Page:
Girl: ok Boyfriend: yes! Hannah Pavlovich ’09 pointed to a bowl of Planned Parenthood condoms when asked why her organization had presented this event. “Princeton Pro-Choice Vox is a sex-positive group,” she said. “We believe in responsible sexual activity.” “You can’t get pregnant using a vibrator when you use it by yourself,” Jess added. “And there are ways to minimize the risk of pregnancy when you’re with a partner.” Princeton Pro-Choice Vox has never presented a sex toy party before. In recent years, the group has generally limited its campus activities to editorial writing, airing pro-choice films, and hosting the occasional guest speaker. Most recently, Vox protested the U.S. government’s anti-abortion NGO funding policy by tethering a gagged lingerie-wearing blowup doll to a lawn chair on the lawn outside Frist Campus Center. “You think this is dirty? Learn about the Global Gag Rule,” the nearby banner read. Sara Viola ’08 was critical of Princeton Pro-Life when I suggested that the group might object to Vox’s foray into hosting a “sex-positive” event. She explained that Pro-Life would not be able to come to a consensus on how to criticize the sex toy party. “One of our big frustrations with Pro-Life is that they refuse to take a stance on contraception,” she offered as an example. “Their membership is split on the issue. One of our members would like to have a safe-sex fair co-hosted with Princeton Pro-Life. We could talk about how condoms lead to fewer unwanted pregnancies and how that leads to fewer unwanted abortions… But they can’t agree to that.” As guests left, the Vox members’ conversation turned to the recent Supreme Court decision upholding the 2003 federal ban on partial birth abortions. What a terrible week for women’s reproductive rights, they concluded, though the party had nothing to do with recent rulings. “Obviously we decided to have this event far in advance,” Anne Twitty GS explained.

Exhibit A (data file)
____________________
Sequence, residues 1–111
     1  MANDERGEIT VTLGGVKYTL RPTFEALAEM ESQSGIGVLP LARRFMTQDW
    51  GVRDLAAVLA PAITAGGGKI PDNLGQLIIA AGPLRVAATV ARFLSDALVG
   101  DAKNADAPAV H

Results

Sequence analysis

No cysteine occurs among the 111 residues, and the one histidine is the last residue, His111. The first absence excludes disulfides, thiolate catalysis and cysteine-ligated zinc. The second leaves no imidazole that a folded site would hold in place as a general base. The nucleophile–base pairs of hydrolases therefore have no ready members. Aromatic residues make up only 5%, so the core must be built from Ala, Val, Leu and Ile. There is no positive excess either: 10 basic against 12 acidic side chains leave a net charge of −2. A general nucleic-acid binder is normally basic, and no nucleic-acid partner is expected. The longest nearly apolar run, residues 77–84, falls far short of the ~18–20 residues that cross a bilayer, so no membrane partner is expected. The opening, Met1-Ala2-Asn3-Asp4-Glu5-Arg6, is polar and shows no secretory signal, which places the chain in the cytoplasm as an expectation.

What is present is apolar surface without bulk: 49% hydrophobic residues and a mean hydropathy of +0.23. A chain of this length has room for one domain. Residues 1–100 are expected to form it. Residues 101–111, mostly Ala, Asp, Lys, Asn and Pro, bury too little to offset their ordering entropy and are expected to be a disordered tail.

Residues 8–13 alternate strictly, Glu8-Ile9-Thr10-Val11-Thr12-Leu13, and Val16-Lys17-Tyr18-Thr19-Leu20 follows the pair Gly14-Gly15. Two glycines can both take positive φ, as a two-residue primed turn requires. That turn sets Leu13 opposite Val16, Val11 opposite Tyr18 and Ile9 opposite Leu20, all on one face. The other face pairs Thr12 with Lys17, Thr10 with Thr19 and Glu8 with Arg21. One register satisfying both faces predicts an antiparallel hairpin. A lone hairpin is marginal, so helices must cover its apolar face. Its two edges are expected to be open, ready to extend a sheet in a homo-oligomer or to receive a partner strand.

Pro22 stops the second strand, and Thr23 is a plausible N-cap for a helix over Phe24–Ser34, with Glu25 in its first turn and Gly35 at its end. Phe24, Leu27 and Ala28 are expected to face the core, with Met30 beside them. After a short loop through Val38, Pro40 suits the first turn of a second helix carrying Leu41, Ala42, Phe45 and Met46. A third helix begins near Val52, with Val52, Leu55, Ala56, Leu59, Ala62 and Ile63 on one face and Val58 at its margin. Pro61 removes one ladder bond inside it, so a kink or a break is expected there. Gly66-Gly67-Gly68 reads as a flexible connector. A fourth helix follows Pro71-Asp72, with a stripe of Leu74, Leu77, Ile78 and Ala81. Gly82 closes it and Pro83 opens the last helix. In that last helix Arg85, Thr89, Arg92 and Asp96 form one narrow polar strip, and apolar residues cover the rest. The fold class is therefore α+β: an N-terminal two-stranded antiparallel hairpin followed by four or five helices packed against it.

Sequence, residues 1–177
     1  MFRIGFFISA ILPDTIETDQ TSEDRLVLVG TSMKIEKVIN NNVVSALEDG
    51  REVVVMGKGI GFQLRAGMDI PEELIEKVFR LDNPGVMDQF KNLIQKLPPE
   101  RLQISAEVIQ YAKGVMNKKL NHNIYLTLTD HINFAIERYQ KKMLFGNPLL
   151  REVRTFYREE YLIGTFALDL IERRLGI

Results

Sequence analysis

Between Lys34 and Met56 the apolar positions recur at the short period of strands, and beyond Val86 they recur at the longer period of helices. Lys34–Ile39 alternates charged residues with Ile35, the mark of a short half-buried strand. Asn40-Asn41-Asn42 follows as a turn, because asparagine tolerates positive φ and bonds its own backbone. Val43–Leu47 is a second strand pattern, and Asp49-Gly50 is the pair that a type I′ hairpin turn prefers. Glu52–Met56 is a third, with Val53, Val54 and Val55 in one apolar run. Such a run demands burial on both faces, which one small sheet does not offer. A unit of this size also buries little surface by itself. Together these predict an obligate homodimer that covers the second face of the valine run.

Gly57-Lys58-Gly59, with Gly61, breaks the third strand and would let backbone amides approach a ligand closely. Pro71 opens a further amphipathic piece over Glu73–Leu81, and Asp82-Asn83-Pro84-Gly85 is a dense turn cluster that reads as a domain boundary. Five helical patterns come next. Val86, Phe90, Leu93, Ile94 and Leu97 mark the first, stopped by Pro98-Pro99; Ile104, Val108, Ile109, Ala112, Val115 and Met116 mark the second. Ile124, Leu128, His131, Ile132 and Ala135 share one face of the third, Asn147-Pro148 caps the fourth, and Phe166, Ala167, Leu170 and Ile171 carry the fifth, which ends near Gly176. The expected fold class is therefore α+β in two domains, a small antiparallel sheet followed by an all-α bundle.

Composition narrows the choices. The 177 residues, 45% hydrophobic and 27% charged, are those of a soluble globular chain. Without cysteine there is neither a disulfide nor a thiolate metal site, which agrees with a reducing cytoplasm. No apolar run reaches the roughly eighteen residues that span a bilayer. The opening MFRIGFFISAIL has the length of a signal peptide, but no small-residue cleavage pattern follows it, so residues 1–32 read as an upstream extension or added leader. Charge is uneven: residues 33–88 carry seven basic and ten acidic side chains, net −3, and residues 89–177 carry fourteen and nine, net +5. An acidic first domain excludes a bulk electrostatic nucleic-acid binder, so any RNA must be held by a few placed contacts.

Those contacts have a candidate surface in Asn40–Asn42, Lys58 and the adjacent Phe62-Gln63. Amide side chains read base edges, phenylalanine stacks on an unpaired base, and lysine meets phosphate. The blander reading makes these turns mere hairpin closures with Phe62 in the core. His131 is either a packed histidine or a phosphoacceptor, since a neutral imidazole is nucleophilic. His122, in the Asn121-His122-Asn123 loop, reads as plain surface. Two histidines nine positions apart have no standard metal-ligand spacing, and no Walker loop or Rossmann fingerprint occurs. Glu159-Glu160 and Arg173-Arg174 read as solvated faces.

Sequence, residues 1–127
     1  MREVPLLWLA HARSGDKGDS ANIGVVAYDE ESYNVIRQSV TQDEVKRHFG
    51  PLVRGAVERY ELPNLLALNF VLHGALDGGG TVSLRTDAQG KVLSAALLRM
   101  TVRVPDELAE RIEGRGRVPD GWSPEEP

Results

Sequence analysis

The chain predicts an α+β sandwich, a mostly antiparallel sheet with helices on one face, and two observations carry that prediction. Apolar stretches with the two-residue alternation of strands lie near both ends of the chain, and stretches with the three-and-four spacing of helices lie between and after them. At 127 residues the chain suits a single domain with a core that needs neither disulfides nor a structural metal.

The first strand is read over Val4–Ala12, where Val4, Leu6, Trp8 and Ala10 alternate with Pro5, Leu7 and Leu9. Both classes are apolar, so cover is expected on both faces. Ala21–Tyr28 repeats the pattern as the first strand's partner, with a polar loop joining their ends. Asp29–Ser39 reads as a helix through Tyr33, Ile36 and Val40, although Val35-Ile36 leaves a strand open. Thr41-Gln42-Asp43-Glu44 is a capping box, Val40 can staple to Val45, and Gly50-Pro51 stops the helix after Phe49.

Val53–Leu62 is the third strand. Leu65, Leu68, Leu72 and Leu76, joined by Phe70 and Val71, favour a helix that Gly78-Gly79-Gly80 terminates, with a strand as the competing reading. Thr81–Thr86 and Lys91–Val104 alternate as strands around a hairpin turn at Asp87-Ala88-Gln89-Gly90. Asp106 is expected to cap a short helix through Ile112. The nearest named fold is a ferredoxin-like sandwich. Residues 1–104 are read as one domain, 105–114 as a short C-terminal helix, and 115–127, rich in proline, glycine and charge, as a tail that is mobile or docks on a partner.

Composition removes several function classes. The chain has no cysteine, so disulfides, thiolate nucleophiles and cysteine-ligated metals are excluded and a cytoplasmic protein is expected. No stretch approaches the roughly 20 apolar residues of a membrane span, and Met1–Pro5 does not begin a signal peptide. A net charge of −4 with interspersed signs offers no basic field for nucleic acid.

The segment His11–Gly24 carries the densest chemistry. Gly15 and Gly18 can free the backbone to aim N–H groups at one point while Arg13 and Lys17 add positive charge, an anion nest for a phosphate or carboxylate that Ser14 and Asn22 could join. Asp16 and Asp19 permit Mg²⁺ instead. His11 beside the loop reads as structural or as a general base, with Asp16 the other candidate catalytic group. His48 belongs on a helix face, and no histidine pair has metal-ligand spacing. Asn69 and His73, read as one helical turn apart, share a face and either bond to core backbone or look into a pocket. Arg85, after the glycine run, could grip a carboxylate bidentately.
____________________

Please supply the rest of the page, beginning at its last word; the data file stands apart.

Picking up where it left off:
Meanwhile, Jess was nearly finished tabulating the take from the party. The party was not a Vox fundraiser, but since they were playing host, they received a thank-you gift. “You guys netted $199.45 in sales,” Jess said. “You know, there’s an additional free gift worth $30 at $200.” The remaining members huddled over the display table, scanning the catalog for the cheapest item to push the event’s sales total past the price break. “The pleasure feather is only $7.95,” one noted.
“Sorry, I have to admit, I’ve already got a feather,” another explained. “What are you going to do with your free gift?” I asked.
”For a future Pro-Choice Vox event,” they agreed. “It’ll be a door prize.”